"Everybody who was involved in this process had, in my mind, a white hat on," Timothy E. Flanigan, the former deputy White House counsel, said in an interview. "They were not out to be cowboys or create a radical new legal regime. What they wanted to do was to use existing legal models to assist in the process of saving lives, to get information. And the war on terror is all about information."

As the policy has faltered, other current and former officials have criticized it on pragmatic grounds, arguing that many of the problems could have been avoided. But some of the criticism also has a moral tone.

"What several of us were concerned about was due process," said John A. Gordon, a retired Air Force general and former deputy C.I.A. director who served as both the senior counterterrorism official and homeland security adviser on President Bush's National Security Council staff. "There was great concern that we were setting up a process that was contrary to our own ideals."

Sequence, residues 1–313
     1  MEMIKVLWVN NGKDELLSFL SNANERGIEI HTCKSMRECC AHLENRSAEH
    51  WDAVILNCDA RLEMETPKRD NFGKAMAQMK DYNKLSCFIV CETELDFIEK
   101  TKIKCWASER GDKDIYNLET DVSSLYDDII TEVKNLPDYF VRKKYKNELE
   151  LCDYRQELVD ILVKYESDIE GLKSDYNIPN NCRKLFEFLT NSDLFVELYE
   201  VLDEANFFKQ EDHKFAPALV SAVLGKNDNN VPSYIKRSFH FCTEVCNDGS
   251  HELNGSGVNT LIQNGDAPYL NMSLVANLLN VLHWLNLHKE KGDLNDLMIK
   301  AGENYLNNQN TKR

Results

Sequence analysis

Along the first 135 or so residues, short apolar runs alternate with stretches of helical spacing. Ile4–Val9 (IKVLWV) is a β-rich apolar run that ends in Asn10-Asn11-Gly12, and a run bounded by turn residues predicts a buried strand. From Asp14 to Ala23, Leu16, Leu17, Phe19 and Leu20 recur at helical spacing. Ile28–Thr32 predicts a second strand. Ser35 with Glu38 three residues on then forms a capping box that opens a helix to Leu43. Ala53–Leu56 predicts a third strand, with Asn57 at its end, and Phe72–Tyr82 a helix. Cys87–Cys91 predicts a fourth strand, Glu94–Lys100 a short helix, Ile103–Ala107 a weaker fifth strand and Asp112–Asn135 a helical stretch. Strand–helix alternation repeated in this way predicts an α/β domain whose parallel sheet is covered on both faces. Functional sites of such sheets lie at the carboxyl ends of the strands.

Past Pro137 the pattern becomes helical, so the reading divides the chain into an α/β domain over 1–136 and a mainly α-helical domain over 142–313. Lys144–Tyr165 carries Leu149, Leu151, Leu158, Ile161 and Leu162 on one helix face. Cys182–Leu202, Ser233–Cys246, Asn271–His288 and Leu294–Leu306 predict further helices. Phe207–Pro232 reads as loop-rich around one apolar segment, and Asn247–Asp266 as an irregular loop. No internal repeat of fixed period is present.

An Aggressive Approach

The administration's legal approach to terrorism began to emerge in the first turbulent days after Sept. 11, as the officials in charge of key agencies exhorted their aides to confront Al Qaeda's threat with bold imagination.

"Legally, the watchword became 'forward-leaning,' '' said a former associate White House counsel, Bradford Berenson, "by which everybody meant: 'We want to be aggressive. We want to take risks.' ''

That challenge resounded among young lawyers who were settling into important posts at the White House, the Justice Department and other agencies. Many of them were members of the Federalist Society, a conservative legal fraternity. Some had clerked for Supreme Court justices, Clarence Thomas and Antonin Scalia in particular. A striking number had clerked for a prominent Reagan appointee, Lawrence H. Silberman of the United States Court of Appeals for the District of Columbia Circuit.

One young lawyer recalled looking around the room during a meeting with Attorney General John Ashcroft. "Of 10 people, 7 of us were former Silberman clerks," he said.